Rob: A song about one of the greatest victories in Irish history. The Battle of Castlebar in 1798. Six thousand British soldiers were poised on the hills around the small town expecting a rout against the town's small militia, when out of the mist rose 2000 French and Irish soldiers. They caught the British with such surprise that the British retreated with haste as far as Athlone on the Shannon River. The Battle was aptly named after the speed at which they were retreating. It is also listed as one of the British top ten military blunders.
5. "Fast Movin' Train": Songs about running away and the need to make a change, they speak to the imagination of many people in every day's life. Unlike the train the song isn't moving very fast and that might be a little missed chance here. The rhythm is real nice though.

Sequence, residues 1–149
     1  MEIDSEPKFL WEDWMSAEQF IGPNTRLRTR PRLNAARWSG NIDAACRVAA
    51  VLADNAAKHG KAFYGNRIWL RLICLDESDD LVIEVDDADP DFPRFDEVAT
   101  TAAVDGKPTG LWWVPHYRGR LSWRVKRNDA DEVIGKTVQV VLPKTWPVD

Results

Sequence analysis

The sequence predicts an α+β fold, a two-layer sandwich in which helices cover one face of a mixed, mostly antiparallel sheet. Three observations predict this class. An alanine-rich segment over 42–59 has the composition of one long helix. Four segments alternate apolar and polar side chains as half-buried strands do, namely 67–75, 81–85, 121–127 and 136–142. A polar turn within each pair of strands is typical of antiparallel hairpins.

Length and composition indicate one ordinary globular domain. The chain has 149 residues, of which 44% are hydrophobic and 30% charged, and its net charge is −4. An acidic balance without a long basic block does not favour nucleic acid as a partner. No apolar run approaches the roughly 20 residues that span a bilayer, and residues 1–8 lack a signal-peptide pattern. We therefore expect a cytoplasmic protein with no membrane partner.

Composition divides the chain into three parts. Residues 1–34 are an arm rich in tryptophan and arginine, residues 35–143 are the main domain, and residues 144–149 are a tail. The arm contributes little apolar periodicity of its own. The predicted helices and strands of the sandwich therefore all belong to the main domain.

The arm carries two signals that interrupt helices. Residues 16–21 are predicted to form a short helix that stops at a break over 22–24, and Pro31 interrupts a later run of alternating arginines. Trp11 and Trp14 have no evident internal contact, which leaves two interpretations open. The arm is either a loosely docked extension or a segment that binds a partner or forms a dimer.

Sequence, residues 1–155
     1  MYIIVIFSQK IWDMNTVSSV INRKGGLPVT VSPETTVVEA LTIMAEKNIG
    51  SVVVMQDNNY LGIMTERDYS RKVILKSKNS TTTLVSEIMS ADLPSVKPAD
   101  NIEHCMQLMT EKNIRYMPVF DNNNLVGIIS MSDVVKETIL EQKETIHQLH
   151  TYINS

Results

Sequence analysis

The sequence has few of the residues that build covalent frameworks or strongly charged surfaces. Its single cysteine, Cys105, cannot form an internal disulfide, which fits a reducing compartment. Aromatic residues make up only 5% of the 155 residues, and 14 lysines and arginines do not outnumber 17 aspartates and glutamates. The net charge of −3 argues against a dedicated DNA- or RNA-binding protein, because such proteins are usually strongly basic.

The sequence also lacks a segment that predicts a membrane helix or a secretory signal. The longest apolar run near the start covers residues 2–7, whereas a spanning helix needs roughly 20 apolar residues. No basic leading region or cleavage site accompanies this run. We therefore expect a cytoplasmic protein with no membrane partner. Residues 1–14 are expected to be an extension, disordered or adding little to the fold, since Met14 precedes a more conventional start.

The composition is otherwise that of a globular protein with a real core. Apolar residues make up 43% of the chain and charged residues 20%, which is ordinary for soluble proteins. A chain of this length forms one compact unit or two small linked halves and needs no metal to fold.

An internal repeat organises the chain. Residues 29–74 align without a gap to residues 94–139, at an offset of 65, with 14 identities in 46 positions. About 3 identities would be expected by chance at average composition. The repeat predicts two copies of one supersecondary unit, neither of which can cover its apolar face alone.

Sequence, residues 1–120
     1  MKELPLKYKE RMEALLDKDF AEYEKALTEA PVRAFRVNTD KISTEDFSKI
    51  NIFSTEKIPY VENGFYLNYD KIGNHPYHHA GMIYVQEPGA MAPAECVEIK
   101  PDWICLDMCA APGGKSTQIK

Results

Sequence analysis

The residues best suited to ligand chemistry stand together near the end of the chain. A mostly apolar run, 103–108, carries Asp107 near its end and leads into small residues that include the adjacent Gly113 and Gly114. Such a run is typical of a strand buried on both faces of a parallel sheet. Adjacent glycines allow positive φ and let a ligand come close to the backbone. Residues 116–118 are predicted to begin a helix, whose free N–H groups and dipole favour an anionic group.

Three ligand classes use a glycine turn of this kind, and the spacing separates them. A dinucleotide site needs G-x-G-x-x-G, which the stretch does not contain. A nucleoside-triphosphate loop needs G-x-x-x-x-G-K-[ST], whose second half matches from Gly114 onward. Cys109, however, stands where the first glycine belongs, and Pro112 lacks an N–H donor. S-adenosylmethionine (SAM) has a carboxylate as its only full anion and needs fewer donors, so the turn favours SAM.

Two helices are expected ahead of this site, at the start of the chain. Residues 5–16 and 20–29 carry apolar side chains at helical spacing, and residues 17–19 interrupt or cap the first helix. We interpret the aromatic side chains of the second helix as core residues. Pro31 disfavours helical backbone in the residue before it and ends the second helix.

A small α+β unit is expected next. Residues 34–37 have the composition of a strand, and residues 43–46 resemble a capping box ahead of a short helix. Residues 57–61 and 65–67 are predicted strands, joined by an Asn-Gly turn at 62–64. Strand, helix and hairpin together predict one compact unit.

Rob: A reflective song about taking chances and embracing life's changes.
6. "Mother's Love": This delicate and emotional piano ballad is a bit too sentimental for my taste, but I'm sure many people will consider this track the 'heart' of the album. I do like the way this song builds up beautifully toward the end and holds back again, the interplay between piano and fiddle is very effective.
Rob: A song about the strength of Mother's Love.
7. "Fields": The title track. David Johnson plays pedal steel solos here, giving the memory filled song a country feeling. His fiddle, combined with Pat's harmonica and Valorie's harmonies add layers to this fantastic flowing sound. Intriguing might be the right word.
Rob: A reflective song while walking down a dirt road and understanding the history of the cotton fields and those that worked the land